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Style: power metal, instrumental, heavy metal, progressive
Label: Pony Canyon
Members: Yngwie J. Malmsteen ~ guitars/bass/vocals/keyboards/drum programming
Zepp Urgard ~ drums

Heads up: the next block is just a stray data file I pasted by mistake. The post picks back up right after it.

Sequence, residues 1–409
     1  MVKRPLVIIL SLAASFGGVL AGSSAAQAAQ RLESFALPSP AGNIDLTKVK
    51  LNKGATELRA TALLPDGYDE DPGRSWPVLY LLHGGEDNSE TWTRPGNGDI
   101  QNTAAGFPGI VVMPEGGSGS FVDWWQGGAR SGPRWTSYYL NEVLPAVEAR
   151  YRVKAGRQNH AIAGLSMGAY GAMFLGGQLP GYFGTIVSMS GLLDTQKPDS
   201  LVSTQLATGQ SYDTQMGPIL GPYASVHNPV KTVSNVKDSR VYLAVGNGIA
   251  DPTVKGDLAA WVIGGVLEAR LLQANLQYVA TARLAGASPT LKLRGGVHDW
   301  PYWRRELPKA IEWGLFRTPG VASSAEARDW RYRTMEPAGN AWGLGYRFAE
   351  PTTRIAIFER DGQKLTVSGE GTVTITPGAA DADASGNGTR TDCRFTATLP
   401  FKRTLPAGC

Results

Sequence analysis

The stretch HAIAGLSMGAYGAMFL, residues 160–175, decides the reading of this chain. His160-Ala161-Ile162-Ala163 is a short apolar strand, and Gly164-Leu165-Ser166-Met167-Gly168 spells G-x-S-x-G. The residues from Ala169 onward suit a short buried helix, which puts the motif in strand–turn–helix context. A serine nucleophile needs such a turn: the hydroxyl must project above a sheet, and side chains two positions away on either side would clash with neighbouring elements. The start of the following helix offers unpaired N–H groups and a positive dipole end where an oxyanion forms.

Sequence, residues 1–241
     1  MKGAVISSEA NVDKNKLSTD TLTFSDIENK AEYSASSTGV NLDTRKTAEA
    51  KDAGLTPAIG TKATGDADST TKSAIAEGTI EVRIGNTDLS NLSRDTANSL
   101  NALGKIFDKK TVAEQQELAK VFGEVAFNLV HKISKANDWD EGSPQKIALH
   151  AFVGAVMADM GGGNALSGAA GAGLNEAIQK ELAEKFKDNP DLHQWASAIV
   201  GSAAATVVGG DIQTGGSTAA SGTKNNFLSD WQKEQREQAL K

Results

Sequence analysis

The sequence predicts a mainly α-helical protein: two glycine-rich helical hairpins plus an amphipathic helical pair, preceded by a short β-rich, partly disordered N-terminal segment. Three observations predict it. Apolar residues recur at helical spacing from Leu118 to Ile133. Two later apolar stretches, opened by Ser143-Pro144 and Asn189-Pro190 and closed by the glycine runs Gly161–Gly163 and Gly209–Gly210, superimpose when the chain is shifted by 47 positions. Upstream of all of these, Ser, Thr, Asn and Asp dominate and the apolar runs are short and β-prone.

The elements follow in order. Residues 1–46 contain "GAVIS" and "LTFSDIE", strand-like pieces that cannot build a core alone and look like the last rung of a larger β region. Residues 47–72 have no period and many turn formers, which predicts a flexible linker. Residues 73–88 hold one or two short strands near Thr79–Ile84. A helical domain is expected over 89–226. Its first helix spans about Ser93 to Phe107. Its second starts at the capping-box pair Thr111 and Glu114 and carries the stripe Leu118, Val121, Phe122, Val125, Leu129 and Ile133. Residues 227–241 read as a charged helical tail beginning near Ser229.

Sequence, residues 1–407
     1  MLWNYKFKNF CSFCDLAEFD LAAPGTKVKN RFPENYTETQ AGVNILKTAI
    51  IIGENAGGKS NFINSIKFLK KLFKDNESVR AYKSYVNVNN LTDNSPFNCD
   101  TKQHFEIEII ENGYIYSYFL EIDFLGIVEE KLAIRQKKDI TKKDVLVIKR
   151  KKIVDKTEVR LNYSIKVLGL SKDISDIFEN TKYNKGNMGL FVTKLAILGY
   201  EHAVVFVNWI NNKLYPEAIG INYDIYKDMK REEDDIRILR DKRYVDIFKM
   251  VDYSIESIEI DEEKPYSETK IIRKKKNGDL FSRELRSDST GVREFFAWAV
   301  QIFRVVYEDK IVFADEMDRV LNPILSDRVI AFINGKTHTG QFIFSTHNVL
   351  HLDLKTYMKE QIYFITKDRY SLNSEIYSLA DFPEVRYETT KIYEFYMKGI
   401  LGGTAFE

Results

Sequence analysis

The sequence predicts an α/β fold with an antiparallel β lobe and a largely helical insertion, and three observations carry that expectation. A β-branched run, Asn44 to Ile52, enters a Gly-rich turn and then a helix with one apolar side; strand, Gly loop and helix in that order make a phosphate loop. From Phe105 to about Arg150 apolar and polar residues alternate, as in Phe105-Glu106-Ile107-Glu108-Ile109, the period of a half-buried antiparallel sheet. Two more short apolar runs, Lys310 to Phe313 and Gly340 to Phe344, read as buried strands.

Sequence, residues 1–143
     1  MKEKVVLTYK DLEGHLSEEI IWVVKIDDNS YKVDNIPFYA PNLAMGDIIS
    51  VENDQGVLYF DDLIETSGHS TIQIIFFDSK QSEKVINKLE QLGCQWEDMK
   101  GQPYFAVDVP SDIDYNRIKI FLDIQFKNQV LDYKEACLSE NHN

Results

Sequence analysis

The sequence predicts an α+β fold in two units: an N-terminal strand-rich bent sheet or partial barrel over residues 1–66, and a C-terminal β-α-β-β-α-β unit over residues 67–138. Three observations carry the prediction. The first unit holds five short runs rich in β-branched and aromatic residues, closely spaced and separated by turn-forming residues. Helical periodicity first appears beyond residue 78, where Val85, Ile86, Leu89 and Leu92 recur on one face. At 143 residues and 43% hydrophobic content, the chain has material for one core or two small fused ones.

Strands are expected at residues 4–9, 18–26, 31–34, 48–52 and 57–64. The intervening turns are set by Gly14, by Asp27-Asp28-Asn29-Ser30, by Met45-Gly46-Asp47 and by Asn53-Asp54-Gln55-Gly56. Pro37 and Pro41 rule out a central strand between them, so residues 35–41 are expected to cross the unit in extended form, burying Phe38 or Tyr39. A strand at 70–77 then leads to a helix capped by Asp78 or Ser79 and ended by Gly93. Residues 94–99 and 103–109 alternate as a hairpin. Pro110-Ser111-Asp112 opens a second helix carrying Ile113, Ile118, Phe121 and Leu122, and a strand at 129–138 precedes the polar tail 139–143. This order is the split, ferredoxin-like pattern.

While YM may have broken through to the American mainstream via Alcatrazz with former Rainbow frontman Graham Bonnet, only to be replaced by Steve Vai while going on to be even more successful with his own group Rising Force, he had already been in the recording studio long before Alcatrazz ... perhaps to the surprise of some who see his career starting there. In a way it did. YM came to America after his demo tapes were heard by future Keel frontman Ron Keel. They rocked together briefly as Steeler before YM went off to Alcatrazz. But, back in his native Sweden YM had been playing around with local bands, recording on his uncle's private set-up, & developing his trademark neo-classical super technical style to the chagrin of anything else going on in the life a typical teenager. But, YM would never be typical. The Genesis gathers together some of those early recordings, done around age 17, including two instrumentals & two pieces hitting the twelve minute mark, including Hendrix's "Voodoo Child (Slight Return)". With titles like "Birth Of The Sun, "Plague In Lucifer's Mind", "Dying Man", "Black Magic Suite Op 3", "Merlin's Castle" & "Voodoo Nights" the influence of Deep Purple & Rainbow is obvious, but its never been a secret Richie Blackmore was a musical mentor. But, YM moved away from Blackmore like Blackmore moved away from the electric guitar, making their connection today seem tedious. As for the music itself on this compilation, yes, there's a bit of Blackmore. "Birth Of The Sun" is a standout track with a rolling bass line & could indeed come from the Deep Purple catalog, though YM is no Ian Gillen & its good he's not pursued his singing. "Dying Man" & "Black Magic" follows suit. While some listeners may not hear much of a difference between this & later recordings outside of some lower production quality, programmed drums & the fact that YM plays all the instruments & sings. But, there is a difference, albeit subtle. The desire for speed & power metal was always in YM's view. One of the criticisms is he has no feeling or subtlety or lacking focus in anything but a desire to impress. Everything must be fast, furious & relentless ... the later being the name of one of his latest albums. This album shows both the relentless Yngwie looking to impress (i.e. "Plague In Lucifer's Mind", "Merlin's Castle", "Voodoo Nights"), but is balanced by moments of overcrowded melodic emotional playing. It's an interesting array of playing. As for the two overly lengthy pieces, they are not as tedious as some YM cynics may believe, but highlights. YM takes Hendrix in the direction Stevie Ray Vaughn took him, or what would happen if the drugs were removed. In essence, compilation albums like this are essentially for fans. I actually love them. I think these compilations are better then when a band just sticks demos at the end of an album as bonus tracks. I like the fact that we're getting a view in on the past uninterrupted with new music. Of note, some of these tracks reappeared in a reworked form later in YM's career. One may wonder, given YM's notoriety as a perfectionist, why he would want to reissue these early tracks. The answer is simple when one realizes parts of the album were originally issued by bassist Marcel Jacob as Birth Of The Sun. The Genesis was later reissued with YM recording over all of Jacob's bass parts. Jacob formed Rising Force with YM, later to join Europe. While John Leven left Europe to join Rising Force, only for the two to switch back years later. Years later he would later replace Levin in Last Autumn's Dream. Jacob also played co-formed Talisman & Human Clay with original Rising Force vocalist Jeff Scott Soto. Jacob guested with Soto's band W.E.T. just before his death.